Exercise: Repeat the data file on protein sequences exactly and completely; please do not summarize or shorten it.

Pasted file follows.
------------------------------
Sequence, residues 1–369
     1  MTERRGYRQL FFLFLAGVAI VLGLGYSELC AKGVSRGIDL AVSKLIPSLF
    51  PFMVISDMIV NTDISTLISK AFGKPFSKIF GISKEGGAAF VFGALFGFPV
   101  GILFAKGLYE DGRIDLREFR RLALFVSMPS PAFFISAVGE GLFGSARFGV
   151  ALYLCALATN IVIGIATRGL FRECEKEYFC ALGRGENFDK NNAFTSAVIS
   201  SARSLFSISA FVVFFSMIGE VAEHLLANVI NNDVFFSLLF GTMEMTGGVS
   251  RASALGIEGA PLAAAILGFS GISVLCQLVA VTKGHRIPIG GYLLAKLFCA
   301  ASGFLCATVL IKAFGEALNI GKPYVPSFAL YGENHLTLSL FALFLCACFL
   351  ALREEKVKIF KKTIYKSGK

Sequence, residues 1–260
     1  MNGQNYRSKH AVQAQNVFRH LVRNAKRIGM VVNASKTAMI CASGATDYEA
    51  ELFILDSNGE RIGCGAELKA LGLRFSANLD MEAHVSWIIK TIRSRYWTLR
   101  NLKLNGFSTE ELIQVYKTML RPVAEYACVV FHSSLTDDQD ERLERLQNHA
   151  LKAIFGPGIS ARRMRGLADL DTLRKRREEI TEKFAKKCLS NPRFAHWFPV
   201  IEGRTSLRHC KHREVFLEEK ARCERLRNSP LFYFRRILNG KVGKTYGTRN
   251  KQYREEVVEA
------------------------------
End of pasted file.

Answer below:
Sequence, residues 1–369
     1  MTERRGYRQL FFLFLAGVAI VLGLGYSELC AKGVSRGIDL AVSKLIPSLF
    51  PFMVISDMIV NTDISTLISK AFGKPFSKIF GISKEGGAAF VFGALFGFPV
   101  GILFAKGLYE DGRIDLREFR RLALFVSMPS PAFFISAVGE GLFGSARFGV
   151  ALYLCALATN IVIGIATRGL FRECEKEYFC ALGRGENFDK NNAFTSAVIS
   201  SARSLFSISA FVVFFSMIGE VAEHLLANVI NNDVFFSLLF GTMEMTGGVS
   251  RASALGIEGA PLAAAILGFS GISVLCQLVA VTKGHRIPIG GYLLAKLFCA
   301  ASGFLCATVL IKAFGEALNI GKPYVPSFAL YGENHLTLSL FALFLCACFL
   351  ALREEKVKIF KKTIYKSGK

Sequence, residues 1–260
     1  MNGQNYRSKH AVQAQNVFRH LVRNAKRIGM VVNASKTAMI CASGATDYEA
    51  ELFILDSNGE RIGCGAELKA LGLRFSANLD MEAHVSWIIK TIRSRYWTLR
   101  NLKLNGFSTE ELIQVYKTML RPVAEYACVV FHSSLTDDQD ERLERLQNHA
   151  LKAIFGPGIS ARRMRGLADL DTLRKRREEI TEKFAKKCLS NPRFAHWFPV
   201  IEGRTSLRHC KHREVFLEEK ARCERLRNSP LFYFRRILNG KVGKTYGTRN
   251  KQYREEVVEA